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A Dictionary of Greek and Roman biography and mythology (ed. William Smith) 13 13 Browse Search
M. Tullius Cicero, De Officiis: index (ed. Walter Miller) 4 4 Browse Search
Samuel Ball Platner, Thomas Ashby, A Topographical Dictionary of Ancient Rome 3 3 Browse Search
J. B. Greenough, G. L. Kittredge, Select Orations of Cicero , Allen and Greenough's Edition. 2 2 Browse Search
Appian, The Civil Wars (ed. Horace White) 1 1 Browse Search
Pliny the Elder, The Natural History (ed. John Bostock, M.D., F.R.S., H.T. Riley, Esq., B.A.) 1 1 Browse Search
J. B. Greenough, G. L. Kittredge, Select Orations of Cicero , Allen and Greenough's Edition. 1 1 Browse Search
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Browsing named entities in J. B. Greenough, G. L. Kittredge, Select Orations of Cicero , Allen and Greenough's Edition.. You can also browse the collection for 101 BC or search for 101 BC in all documents.

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J. B. Greenough, G. L. Kittredge, Select Orations of Cicero , Allen and Greenough's Edition., chapter 17 (search)
opto, pray. Observe the adroit union of compliment and threat in this passage, which at the same time forms the transition to the appeal to the praetor presiding. Appeal to Glabrio, the presiding praetor, to prevent bribery. is: referring to the Senate. judicio: abl. of means. qui sis, what sort of man you are. reddere,pay back. fac . . . veniat: § 565 (33I, f, R.); cf. B. 295, 8; G. 553, I (end); H. 565, 4 (499, 2); H.-B. 502, 3, footnote 2 legis Aciliae:this (probably B.C. 101) provided that there should be neither ampliatio (further hearing) nor comperendinatio (see note on sect. 34, p. 40, l. 18) in cases of repetundae. All earlier laws were superseded by the Cornelian law of Sulla. Summae auctoritates, strongest influences, especially family traditions, etc. To the Roman mind an auctor, in this sense, was a pattern for imitation. quae . . . non sinant: best regarded as a purpose clause; cf. § 531. 2, N. (317, N.). ut ne quis, etc.: § 537,a, N. (319, a, N.);
J. B. Greenough, G. L. Kittredge, Select Orations of Cicero , Allen and Greenough's Edition., Chapter 2 (search)
Appeal to Glabrio, the presiding praetor, to prevent bribery. is: referring to the Senate. judicio: abl. of means. qui sis, what sort of man you are. reddere,pay back. fac . . . veniat: § 565 (33I, f, R.); cf. B. 295, 8; G. 553, I (end); H. 565, 4 (499, 2); H.-B. 502, 3, footnote 2 legis Aciliae:this (probably B.C. 101) provided that there should be neither ampliatio (further hearing) nor comperendinatio (see note on sect. 34, p. 40, l. 18) in cases of repetundae. All earlier laws were superseded by the Cornelian law of Sulla. Summae auctoritates, strongest influences, especially family traditions, etc. To the Roman mind an auctor, in this sense, was a pattern for imitation. quae . . . non sinant: best regarded as a purpose clause; cf. § 531. 2, N. (317, N.). ut ne quis, etc.: § 537,a, N. (319, a, N.); G. 545,R.1; H.(499,1); cf. H.-B. 502, 3, a, footnote 2. nocenti reo,etc., for the accused, if guilty, his great wealth has had more weight to increase (lit. towards)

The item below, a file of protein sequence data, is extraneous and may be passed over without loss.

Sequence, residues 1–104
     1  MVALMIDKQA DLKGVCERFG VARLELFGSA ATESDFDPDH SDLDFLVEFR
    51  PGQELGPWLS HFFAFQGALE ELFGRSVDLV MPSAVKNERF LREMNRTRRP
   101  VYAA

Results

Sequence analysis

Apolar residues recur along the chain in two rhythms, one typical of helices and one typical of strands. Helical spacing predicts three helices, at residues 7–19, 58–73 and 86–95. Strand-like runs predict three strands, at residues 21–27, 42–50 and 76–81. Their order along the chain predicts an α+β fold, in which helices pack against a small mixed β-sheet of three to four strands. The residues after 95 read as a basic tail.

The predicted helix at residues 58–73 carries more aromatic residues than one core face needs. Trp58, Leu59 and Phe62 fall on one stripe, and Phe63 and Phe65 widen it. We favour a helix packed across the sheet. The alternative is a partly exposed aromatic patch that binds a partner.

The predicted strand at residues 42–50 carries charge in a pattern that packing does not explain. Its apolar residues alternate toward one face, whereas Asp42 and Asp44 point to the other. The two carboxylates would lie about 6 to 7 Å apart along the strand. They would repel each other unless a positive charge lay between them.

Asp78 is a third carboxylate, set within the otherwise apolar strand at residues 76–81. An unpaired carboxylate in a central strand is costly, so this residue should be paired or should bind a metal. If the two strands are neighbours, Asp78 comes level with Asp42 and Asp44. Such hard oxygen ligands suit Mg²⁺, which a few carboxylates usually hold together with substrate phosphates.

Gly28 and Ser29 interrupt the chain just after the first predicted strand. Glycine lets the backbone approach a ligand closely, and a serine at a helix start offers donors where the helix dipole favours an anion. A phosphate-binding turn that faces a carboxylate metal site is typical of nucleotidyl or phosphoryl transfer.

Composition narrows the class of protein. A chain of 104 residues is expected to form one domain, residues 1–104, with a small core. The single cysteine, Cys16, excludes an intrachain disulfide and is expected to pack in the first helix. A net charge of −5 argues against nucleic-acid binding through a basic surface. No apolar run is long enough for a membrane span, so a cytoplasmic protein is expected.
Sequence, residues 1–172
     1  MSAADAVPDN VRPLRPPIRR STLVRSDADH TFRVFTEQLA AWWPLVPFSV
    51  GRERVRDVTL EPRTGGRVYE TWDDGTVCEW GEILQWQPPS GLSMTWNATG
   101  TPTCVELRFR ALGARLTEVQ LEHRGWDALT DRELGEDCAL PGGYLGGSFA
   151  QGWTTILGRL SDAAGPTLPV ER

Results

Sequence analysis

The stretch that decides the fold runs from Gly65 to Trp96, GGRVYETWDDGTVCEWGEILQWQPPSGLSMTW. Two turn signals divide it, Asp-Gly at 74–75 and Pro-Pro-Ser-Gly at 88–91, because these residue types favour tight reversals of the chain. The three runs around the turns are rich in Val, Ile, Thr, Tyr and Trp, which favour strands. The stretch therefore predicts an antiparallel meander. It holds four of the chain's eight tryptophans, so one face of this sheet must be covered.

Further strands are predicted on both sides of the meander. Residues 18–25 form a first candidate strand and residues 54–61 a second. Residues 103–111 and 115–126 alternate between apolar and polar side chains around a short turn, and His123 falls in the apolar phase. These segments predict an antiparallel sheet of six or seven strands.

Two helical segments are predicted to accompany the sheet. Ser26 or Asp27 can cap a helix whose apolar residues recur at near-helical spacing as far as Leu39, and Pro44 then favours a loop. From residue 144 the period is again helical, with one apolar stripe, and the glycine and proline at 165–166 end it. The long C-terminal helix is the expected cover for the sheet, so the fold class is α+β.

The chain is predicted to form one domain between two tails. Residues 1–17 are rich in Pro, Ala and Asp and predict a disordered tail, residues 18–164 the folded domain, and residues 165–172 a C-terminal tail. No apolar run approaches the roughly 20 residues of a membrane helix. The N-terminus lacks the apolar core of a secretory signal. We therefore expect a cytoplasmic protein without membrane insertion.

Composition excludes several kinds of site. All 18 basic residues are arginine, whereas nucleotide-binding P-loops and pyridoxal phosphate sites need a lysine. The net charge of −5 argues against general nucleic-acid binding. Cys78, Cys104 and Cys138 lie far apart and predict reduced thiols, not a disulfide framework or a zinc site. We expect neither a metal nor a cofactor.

J. B. Greenough, G. L. Kittredge, Select Orations of Cicero , Allen and Greenough's Edition., chapter 10 (search)
r of the younger Africanus, and, like his son, the most eminent and upright man of his generation. He brought the Third Macedonian War to a close by the battle of Pydna, B.C. 168, and led King Perseus captive in his triumphal procession. currum [triumphalem]: the captives did not go with or behind the triumphal chariot, but preceded it in the procession. bis liberavit: by the victories over the German invaders, —over the Teutones at Aquae Sextiae (B.C. 102), and the Cimbri at Vercellae (B.C. 101). Pompeius: it should be remembered that Pompey was now in the East, in the midst of his career of conquest, and that his return was looked for with expectancy by all parties. Cicero took every means to win the confidence of the great general, and gain him over to his views in public affairs; but to no purpose. After some wavering, Pompey associated himself with Caesar, thus giving the Senate a blow from which it never recovered, and preparing the way for his own downfall. aliquid loci: